A small number of students have found themselves facing financial problems before the semester has even started due to the University’s debt policy.
The policy outlines that any student with outstanding debt cannot register via MyCampus. This has left some students in a circle of debt; unless a student is registered at the University, they cannot receive financial aid from SAAS or the Student Loans Company and, therefore, remain unable to pay off the debt and unable to enrol in their chosen courses.
Complications in the implementation of MyCampus in previous years led the University to create a clause allowing students who owed less than £250 to register temporarily. Debts could be paid off at a later date when a student was in a better financial situation.
A University spokesperson explained that this was only a “short-term measure” whilst staff dealt with a backlog of registration problems. This year the clause has been repealed and the University has reverted to their usual debt policy, which states:
“All debts, including tuition fees, examinations fees, bench fees, accommodation debts and library debts must be cleared before you will be permitted to register for the next year of study.”
No members of the Students’ Representative Council (SRC) were consulted about the removal of the clause. Executives have criticised the decision and called on the University to keep the altered policy in place. Requests have, however, been thus far unsuccessful.
Kayleigh Fraser, a student returning to Glasgow after having taken a year out, was one individual who faced a fine of nearly £100 and could not enrol. She explained: “Once my library fines eventually clear I’ll be fully registered to start back again in September. Long story short, I took some books out to use for dissertation research before I made the decision to drop out for the year. I’d forgotten to take them back and only realised when I went to enrol for my Honours year and couldn’t because I have an outstanding amount. The fine is just short of £100. The library has agreed to reduce it to £14 if I return the books. I’m pretty lucky that I still have them because I definitely wouldn’t have been able to afford the big fine until my SAAS loan payments start again.”
However, not everyone will be able to come to such an agreement with the University. Although a University spokesperson acknowledged that they would consider “exceptional circumstances”, the policy on the whole will remain in place.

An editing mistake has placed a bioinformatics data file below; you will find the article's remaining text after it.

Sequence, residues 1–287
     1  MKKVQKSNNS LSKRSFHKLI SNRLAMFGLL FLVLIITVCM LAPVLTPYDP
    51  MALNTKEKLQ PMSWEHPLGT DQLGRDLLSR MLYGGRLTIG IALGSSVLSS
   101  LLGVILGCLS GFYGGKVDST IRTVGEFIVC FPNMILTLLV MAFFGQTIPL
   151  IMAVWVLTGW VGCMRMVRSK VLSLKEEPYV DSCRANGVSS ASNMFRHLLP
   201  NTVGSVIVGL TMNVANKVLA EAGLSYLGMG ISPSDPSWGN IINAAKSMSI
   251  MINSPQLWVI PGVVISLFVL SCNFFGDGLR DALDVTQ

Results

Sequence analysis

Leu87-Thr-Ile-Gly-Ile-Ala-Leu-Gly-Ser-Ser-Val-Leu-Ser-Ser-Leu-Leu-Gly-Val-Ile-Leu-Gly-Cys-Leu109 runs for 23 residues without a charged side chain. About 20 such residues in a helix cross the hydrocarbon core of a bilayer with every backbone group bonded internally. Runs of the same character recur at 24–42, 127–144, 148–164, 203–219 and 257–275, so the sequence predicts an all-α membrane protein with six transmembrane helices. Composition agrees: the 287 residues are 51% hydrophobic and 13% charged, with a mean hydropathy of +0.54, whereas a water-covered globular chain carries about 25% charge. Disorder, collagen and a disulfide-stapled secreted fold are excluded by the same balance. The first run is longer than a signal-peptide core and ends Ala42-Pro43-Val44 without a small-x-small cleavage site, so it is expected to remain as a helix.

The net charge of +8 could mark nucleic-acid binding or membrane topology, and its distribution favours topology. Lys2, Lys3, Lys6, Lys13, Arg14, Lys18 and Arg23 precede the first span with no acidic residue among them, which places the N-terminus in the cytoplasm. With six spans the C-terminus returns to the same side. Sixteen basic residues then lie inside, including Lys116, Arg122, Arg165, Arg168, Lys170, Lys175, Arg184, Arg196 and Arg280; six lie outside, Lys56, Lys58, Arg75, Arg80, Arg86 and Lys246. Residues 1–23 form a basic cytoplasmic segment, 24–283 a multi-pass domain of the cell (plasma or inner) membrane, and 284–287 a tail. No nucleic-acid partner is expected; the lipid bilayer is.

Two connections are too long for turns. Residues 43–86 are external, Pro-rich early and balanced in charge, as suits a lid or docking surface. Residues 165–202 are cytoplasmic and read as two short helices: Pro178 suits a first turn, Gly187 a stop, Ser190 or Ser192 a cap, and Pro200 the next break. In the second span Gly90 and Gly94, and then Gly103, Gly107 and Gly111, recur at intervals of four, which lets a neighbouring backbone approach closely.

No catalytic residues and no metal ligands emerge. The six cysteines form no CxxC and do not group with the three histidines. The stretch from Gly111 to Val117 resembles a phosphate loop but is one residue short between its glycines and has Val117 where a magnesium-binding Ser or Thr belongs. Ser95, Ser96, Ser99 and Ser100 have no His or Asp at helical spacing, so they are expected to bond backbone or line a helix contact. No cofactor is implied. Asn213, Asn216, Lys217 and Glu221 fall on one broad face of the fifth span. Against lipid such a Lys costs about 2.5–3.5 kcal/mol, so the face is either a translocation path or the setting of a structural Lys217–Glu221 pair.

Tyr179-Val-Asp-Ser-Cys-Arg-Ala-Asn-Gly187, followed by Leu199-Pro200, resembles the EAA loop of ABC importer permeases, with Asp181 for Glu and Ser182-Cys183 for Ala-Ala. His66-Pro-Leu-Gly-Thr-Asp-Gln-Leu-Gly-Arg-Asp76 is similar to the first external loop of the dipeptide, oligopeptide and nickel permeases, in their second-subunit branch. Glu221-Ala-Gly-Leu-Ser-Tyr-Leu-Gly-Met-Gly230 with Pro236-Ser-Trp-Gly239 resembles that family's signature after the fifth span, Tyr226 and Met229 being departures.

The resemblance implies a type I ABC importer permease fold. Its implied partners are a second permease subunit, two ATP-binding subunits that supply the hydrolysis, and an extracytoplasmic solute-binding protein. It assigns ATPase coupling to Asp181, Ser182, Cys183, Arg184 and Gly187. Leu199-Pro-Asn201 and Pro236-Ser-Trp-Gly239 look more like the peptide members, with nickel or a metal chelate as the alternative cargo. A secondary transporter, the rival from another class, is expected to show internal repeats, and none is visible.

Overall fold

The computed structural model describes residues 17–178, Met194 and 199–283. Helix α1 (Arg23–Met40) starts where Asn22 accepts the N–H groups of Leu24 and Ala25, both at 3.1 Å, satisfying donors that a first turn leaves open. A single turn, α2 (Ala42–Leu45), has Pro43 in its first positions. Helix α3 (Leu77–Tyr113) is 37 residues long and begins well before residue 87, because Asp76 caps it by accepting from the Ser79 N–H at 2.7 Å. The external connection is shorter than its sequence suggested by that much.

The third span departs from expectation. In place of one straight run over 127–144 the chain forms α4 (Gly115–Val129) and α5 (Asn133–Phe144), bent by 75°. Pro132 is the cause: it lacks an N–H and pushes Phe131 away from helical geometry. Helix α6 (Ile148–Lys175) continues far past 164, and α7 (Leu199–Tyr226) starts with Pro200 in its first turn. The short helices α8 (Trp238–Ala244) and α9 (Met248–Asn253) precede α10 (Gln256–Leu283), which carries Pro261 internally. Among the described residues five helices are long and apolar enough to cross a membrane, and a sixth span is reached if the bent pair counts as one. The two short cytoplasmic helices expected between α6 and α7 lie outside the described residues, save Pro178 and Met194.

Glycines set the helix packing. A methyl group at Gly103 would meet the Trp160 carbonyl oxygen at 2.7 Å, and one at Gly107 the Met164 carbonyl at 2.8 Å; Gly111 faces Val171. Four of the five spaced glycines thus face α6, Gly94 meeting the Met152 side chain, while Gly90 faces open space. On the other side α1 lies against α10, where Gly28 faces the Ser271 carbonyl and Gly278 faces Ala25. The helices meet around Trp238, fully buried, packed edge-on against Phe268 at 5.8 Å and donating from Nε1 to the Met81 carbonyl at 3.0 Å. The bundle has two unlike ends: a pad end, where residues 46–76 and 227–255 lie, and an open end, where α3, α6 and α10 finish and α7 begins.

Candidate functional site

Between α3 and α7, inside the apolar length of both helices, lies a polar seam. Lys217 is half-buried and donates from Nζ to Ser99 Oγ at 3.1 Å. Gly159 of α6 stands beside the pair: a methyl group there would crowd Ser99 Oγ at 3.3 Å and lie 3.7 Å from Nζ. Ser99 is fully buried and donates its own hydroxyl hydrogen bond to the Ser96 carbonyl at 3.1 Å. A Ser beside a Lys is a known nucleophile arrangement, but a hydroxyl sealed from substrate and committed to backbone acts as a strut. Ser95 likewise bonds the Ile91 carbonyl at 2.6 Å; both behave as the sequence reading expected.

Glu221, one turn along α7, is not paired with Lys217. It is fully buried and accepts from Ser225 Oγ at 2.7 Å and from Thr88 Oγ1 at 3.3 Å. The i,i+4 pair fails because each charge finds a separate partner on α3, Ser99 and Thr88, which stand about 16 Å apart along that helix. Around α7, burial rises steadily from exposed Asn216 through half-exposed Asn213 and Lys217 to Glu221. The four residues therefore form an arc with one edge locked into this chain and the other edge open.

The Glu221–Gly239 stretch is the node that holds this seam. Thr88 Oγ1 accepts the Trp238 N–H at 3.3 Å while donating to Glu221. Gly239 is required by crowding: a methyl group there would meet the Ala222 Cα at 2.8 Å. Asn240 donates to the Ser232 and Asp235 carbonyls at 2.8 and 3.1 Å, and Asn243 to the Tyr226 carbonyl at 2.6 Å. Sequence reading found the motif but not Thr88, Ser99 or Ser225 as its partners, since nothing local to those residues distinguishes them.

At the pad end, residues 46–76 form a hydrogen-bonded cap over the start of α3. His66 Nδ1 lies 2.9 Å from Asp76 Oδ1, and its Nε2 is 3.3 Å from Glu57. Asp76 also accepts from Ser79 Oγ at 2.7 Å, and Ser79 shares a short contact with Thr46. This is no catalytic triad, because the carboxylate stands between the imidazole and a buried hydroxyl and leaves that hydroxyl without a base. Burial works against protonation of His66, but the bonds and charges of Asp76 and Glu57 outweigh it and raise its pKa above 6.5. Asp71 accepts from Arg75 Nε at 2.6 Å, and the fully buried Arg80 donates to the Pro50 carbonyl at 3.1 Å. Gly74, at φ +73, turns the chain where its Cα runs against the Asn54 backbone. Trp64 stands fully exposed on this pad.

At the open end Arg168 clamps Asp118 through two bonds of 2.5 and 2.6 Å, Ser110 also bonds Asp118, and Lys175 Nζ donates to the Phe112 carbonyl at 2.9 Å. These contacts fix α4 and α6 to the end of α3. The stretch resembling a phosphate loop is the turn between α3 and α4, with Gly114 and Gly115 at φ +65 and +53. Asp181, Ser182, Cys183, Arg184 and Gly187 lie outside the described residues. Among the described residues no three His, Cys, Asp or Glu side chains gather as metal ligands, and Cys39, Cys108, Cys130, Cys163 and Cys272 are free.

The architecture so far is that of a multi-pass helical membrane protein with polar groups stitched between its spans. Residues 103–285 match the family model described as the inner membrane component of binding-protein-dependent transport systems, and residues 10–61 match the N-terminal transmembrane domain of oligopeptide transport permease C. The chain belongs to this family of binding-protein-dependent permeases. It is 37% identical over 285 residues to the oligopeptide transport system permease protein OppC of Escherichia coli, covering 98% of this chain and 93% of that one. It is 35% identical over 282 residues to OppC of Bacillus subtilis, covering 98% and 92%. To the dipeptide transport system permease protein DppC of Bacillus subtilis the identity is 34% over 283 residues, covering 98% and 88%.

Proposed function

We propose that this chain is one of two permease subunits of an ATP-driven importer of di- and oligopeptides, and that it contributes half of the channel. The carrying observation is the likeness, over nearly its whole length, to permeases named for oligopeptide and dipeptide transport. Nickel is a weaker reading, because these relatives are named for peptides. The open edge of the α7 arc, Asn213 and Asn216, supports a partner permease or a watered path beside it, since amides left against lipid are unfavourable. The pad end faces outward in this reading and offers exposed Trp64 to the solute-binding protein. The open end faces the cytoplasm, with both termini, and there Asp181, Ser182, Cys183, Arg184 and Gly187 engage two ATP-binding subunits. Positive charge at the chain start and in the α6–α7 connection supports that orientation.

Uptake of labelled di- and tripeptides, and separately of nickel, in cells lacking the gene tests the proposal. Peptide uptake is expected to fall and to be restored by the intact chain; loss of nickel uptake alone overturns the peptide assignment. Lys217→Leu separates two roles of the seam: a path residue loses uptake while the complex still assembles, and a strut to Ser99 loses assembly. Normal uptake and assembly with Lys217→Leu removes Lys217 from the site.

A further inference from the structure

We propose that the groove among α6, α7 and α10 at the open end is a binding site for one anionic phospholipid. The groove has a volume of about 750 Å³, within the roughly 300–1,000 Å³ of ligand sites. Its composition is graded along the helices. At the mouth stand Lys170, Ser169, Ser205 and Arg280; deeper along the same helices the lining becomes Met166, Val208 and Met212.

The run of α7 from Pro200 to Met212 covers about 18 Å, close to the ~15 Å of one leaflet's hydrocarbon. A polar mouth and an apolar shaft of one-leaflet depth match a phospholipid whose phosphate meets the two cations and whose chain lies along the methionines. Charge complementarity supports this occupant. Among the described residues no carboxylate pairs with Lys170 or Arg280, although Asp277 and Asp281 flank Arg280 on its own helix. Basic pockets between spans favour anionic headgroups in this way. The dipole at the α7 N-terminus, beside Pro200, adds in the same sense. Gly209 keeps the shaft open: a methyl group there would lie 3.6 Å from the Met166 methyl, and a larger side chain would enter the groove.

A note on the University website reveals exceptional circumstances may lead to a student having to stop studying at the University until full repayment is reached: “The University may accept a repayment plan, but you may still be required to suspend your studies until the debt is cleared.”
Jess McGrellis, SRC President, believes this stance is unfair in the current economic climate. She said: “Of course it’s crucial that the University is in a good financial position, but it seems ridiculous that a student may be forced to discontinue with their studies because they have an outstanding library fine or an accommodation debt that they simply can’t afford to pay back at that time or before accessing their student loan. In a climate where many students face mounting financial difficulties with tuition fees, rising accommodation costs and living expenses, the University should be trying to minimise their financial problems, not add to them.
“The SRC is deeply frustrated by the University’s decision to remove the policy clause that allowed students to enrol with under £250 of debt. This clause, which was only implemented last summer, was removed without any consultation with the SRC and we are still in the dark about why this decision was reversed.”
On top of these issues, some students have also been receiving correspondence from the University demanding repayment for small amounts. One student from Hong Kong received a letter asking for repayment of a debt of £3.62 from the 2009-10 academic year – a cost almost certainly weighed out by the cost of staff time spent chasing up the debt and the cost of posting a letter to Hong Kong.
Another student from within the EU received a letter stating: “Despite several reminders according to our records, your account remains seriously overdue for payment and you have not been in contact to dispute the overdue balance.” The student later found out the amount totalled £4.80, an outstanding debt for accommodation from 2011-12.
The SRC have also been approached by some people who had never enrolled for courses at the University and are being chased for ‘phantom debts’.
A spokesperson for the University clarified the official stance on their debt policy: “The policy of the University of Glasgow has always been that students with outstanding debts are unable to register or graduate.
“Last year, because of the backlog of administrative work associated with introducing the new student system, the University did allow students with debts of £250 or less to register and graduate. This was a short-term measure, for one year only.
“It is important that debts are settled to enable the University to offer the same, fair and consistent treatment to all students.”
If you are facing problems with debt, it is advised that you approach the SRC Advice Centre or contact the University immediately.